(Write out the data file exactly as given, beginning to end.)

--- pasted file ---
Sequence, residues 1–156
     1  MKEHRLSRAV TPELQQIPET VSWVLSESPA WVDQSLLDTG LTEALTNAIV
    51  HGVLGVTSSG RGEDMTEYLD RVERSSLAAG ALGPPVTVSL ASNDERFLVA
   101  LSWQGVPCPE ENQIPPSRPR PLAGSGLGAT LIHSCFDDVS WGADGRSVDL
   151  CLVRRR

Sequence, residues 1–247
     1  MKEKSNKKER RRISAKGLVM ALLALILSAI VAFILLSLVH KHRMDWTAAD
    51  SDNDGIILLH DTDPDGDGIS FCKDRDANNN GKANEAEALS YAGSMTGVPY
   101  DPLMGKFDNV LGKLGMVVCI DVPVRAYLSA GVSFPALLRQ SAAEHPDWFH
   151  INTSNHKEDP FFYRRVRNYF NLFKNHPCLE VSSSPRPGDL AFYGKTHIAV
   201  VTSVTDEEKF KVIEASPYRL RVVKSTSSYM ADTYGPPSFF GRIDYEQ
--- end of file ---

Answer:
Sequence, residues 1–156
     1  MKEHRLSRAV TPELQQIPET VSWVLSESPA WVDQSLLDTG LTEALTNAIV
    51  HGVLGVTSSG RGEDMTEYLD RVERSSLAAG ALGPPVTVSL ASNDERFLVA
   101  LSWQGVPCPE ENQIPPSRPR PLAGSGLGAT LIHSCFDDVS WGADGRSVDL
   151  CLVRRR

Sequence, residues 1–247
     1  MKEKSNKKER RRISAKGLVM ALLALILSAI VAFILLSLVH KHRMDWTAAD
    51  SDNDGIILLH DTDPDGDGIS FCKDRDANNN GKANEAEALS YAGSMTGVPY
   101  DPLMGKFDNV LGKLGMVVCI DVPVRAYLSA GVSFPALLRQ SAAEHPDWFH
   151  INTSNHKEDP FFYRRVRNYF NLFKNHPCLE VSSSPRPGDL AFYGKTHIAV
   201  VTSVTDEEKF KVIEASPYRL RVVKSTSSYM ADTYGPPSFF GRIDYEQ